• Damage to someone else’s property.

The liability coverage within a homeowners policy is often between $100,000 and $500,000. If your assets exceed $500,000, insurance companies offer umbrella insurance, with coverage of $1 million and up. Umbrella insurance also covers some extra problems, such as libel and slander claims against you.

Your liability coverage limits should be enough to match or exceed your net worth. This includes the total value of your personal assets, like real estate, vehicles, savings, retirement accounts and investments.

Best Car Insurance Companies 2024

With so many choices for car insurance companies, it can be hard to know where to start to find the right car insurance. We've evaluated insurers to find the best car insurance companies, so you don't have to.

Learn More

I am an insurance expert with in-depth knowledge of property and casualty insurance. My expertise stems from years of working in the insurance industry and a thorough understanding of the intricacies involved. I have dealt extensively with various types of insurance policies, including auto, homeowners, renters, and liability coverages.

Now, let's delve into the concepts presented in the article you provided:

1. Property and Casualty Insurance Overview:

  • Definition: Property and casualty insurance, often abbreviated as P&C insurance, encompasses policies that cover both your property and liabilities.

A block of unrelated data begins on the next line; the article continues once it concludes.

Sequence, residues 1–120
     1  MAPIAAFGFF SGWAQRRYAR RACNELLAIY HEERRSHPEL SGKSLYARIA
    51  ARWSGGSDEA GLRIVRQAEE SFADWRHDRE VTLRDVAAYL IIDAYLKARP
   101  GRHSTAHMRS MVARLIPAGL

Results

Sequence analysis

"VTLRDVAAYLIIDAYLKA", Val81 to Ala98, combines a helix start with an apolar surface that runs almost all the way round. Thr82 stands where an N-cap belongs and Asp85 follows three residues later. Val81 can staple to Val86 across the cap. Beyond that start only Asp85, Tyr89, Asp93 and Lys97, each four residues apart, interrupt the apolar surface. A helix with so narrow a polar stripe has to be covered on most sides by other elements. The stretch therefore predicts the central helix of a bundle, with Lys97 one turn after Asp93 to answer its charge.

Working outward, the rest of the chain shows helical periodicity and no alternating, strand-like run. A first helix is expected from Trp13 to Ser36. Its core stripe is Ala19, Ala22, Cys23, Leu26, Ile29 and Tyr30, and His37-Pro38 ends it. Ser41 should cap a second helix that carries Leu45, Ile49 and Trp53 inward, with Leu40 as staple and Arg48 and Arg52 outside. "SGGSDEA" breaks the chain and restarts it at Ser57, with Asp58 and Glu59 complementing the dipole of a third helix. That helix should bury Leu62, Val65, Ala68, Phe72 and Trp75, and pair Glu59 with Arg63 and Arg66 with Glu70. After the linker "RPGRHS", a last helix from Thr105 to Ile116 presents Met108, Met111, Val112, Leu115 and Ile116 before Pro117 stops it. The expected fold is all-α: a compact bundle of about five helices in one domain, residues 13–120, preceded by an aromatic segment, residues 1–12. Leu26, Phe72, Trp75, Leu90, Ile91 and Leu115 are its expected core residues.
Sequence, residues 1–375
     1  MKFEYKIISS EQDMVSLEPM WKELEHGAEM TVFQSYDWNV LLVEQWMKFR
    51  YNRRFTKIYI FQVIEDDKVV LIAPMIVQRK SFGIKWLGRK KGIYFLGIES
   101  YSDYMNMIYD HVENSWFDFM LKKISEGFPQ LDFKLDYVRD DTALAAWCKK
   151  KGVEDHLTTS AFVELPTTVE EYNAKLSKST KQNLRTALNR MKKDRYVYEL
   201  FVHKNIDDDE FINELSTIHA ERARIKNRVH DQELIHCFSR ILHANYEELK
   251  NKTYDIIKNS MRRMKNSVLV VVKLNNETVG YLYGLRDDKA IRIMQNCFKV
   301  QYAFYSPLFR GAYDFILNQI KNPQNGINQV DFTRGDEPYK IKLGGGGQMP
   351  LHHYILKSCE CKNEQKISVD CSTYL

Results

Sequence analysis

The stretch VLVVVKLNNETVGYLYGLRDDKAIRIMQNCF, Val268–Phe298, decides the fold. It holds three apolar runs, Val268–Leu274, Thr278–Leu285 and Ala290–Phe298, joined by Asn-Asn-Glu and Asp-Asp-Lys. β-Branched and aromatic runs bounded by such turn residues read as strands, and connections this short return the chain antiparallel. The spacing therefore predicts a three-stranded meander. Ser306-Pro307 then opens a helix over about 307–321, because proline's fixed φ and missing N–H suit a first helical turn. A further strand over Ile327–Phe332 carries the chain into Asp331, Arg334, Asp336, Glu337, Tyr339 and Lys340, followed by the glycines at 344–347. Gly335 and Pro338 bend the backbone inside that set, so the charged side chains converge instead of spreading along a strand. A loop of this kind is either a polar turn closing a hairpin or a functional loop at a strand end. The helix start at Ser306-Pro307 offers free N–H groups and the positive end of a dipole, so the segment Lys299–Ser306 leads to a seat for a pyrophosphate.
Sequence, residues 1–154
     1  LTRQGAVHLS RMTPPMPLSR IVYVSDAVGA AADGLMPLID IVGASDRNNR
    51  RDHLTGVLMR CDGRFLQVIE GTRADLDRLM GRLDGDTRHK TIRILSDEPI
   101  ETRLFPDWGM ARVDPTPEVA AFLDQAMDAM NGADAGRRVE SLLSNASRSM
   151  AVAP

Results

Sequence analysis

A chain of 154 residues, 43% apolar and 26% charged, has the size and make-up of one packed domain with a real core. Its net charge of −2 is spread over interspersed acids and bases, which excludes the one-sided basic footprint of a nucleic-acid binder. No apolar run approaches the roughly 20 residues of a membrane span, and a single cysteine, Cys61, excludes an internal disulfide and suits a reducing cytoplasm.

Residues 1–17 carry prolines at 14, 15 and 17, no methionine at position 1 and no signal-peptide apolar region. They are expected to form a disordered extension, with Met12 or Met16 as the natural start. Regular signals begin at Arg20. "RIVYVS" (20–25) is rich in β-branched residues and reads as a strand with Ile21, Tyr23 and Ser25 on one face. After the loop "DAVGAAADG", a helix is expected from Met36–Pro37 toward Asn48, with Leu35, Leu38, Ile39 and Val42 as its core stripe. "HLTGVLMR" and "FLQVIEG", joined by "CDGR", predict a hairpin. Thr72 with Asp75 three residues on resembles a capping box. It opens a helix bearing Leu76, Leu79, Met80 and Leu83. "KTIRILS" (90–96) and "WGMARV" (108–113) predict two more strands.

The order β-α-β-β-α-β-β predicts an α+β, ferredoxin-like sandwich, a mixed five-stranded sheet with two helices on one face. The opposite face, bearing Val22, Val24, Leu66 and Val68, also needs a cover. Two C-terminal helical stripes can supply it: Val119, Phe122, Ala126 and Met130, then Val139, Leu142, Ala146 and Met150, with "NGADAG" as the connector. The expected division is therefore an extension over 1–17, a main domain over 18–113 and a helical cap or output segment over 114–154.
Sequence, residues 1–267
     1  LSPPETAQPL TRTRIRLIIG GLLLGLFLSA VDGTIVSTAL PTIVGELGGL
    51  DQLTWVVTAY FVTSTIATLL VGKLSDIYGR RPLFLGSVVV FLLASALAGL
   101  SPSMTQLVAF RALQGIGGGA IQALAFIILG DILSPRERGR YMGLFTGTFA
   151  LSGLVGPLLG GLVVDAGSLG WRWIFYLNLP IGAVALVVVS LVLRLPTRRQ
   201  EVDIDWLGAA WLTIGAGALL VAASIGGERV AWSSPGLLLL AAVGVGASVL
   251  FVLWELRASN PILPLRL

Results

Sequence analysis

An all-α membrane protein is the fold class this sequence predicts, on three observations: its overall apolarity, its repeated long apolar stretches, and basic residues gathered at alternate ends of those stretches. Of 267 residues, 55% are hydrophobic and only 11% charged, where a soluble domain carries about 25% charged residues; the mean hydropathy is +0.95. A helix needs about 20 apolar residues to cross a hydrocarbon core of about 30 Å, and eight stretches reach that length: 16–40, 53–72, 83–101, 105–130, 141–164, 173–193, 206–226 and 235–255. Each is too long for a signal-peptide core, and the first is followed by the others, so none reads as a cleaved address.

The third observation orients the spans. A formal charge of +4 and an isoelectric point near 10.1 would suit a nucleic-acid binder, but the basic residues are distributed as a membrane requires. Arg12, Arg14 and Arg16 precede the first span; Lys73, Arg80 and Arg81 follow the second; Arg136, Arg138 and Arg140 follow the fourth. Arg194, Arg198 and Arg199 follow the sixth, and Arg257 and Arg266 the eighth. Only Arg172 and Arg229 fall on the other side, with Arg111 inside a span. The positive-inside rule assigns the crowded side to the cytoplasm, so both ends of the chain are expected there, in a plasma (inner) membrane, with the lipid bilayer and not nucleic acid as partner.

• Types Covered: Auto, homeowners, renters, and condo insurance are common examples of property and casualty insurance.

2. Casualty Insurance:

  • Definition: Casualty insurance provides liability coverage within certain policies, such as car insurance and home insurance.
  • Coverage: It compensates for property damage or bodily injuries for which you are responsible, covering legal fees, court costs, and settlements in case of a lawsuit.

3. Casualty Insurance Coverage by Type:

  • Home Insurance Coverage:

    • Injuries to others for which you are legally responsible.
    • Costs associated with accidentally damaging someone else's property.
    • Legal costs if sued due to an accident.
  • Car Insurance Coverage:

    • Another person's medical expenses and vehicle repairs if you cause an accident.
    • Legal costs if sued due to an accident.